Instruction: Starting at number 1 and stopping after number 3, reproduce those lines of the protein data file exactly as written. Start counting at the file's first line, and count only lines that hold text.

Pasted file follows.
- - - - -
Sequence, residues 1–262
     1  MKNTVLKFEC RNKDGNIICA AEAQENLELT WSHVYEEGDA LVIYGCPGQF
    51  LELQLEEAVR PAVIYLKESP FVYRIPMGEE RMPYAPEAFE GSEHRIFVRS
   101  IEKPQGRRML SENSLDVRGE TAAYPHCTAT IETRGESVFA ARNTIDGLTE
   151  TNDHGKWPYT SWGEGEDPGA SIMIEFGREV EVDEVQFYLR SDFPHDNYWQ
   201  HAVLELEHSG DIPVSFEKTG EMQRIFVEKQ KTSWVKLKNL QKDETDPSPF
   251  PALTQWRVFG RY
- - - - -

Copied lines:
Sequence, residues 1–262
     1  MKNTVLKFEC RNKDGNIICA AEAQENLELT WSHVYEEGDA LVIYGCPGQF
    51  LELQLEEAVR PAVIYLKESP FVYRIPMGEE RMPYAPEAFE GSEHRIFVRS